Just a few minutes ago, President-elect Obama officially tapped Chicago Public Schools Superintendent Arne Duncan as the next education secretary.
In listening to his remarks, it’s clear that Obama wants a no-excuses leader who isn’t afraid to make tough choices to increase student achievement. Obama, as part of his announcement today in Chicago, touted Duncan’s on-the-ground experience making those tough decisions:
When faced with tough decisions, Arne doesn’t blink. He’s not beholden to any one ideology – and he doesn’t hesitate for one minute to do what needs to be done. He’s worked tirelessly to improve teacher quality, increasing the number of master teachers who’ve completed a rigorous national certification process from 11 to just shy of 1,200, and rewarding school leaders and teachers for gains in student achievement. He’s championed good charter schools – even when it was controversial. He’s shut down failing schools and replaced their entire staffs – even when it was unpopular.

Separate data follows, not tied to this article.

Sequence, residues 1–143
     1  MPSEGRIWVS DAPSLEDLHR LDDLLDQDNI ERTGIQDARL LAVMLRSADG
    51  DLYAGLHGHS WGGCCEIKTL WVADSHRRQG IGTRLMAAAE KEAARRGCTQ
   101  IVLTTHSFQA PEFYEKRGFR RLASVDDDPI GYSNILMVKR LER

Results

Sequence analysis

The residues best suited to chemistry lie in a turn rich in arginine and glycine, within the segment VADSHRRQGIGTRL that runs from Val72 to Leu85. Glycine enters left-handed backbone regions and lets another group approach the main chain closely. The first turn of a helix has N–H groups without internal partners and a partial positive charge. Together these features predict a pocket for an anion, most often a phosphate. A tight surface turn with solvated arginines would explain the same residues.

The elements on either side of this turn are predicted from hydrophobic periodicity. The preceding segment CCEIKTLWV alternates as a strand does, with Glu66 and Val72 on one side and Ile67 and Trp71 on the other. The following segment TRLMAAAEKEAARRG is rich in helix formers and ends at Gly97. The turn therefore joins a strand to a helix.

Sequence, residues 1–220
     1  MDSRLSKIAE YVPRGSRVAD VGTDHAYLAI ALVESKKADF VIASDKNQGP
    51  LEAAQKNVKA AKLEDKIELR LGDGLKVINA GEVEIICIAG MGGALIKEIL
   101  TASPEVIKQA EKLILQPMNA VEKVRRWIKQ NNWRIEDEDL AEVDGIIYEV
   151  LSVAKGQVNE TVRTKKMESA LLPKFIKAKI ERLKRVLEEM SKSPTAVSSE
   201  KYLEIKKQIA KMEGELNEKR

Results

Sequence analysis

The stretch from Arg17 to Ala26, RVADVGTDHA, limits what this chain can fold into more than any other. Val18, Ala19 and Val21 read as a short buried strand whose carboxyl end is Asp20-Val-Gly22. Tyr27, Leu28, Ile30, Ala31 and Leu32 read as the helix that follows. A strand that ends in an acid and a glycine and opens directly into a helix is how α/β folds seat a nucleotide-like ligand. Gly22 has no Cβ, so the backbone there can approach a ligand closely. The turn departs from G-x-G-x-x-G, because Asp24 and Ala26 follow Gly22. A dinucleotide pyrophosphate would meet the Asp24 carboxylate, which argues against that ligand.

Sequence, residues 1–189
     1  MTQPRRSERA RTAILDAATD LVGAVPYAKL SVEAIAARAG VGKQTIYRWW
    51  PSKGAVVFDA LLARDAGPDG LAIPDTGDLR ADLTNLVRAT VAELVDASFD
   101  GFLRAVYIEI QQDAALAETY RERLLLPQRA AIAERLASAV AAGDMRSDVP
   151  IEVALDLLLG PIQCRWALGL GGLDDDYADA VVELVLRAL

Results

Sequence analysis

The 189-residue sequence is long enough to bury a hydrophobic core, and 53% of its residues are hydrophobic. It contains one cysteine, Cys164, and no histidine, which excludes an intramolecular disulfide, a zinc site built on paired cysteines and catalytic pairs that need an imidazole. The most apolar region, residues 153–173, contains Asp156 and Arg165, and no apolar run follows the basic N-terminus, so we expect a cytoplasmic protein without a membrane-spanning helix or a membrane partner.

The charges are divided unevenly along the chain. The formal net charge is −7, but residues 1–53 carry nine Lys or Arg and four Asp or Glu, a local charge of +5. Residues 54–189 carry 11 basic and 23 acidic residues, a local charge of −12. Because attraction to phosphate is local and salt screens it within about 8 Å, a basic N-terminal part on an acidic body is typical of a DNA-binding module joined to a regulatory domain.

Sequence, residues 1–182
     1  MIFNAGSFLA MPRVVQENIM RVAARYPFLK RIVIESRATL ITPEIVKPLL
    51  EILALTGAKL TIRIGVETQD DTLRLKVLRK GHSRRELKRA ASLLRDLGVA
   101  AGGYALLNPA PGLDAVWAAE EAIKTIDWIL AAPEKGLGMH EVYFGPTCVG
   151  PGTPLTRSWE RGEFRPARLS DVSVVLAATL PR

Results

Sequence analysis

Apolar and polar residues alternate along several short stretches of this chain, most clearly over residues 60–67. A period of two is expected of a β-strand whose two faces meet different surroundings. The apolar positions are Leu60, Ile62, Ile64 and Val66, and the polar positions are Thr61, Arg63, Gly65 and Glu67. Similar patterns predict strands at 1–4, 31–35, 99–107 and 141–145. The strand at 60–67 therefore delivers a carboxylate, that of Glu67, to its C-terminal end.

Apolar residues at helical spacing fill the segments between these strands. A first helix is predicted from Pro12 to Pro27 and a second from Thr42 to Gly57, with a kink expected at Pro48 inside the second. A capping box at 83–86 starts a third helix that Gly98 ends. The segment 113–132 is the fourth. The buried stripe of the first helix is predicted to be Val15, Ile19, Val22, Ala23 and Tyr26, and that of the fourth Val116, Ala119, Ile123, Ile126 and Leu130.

Clearly, Duncan is widely respected for his reform ideas and strategy at the district level. But the education secretary job is very different. He’ll have to figure out how to bring his ideas to scale, working as part of an incredible bureaucracy that, in the end, is only responsible for about 9 percent of K-12 education funding.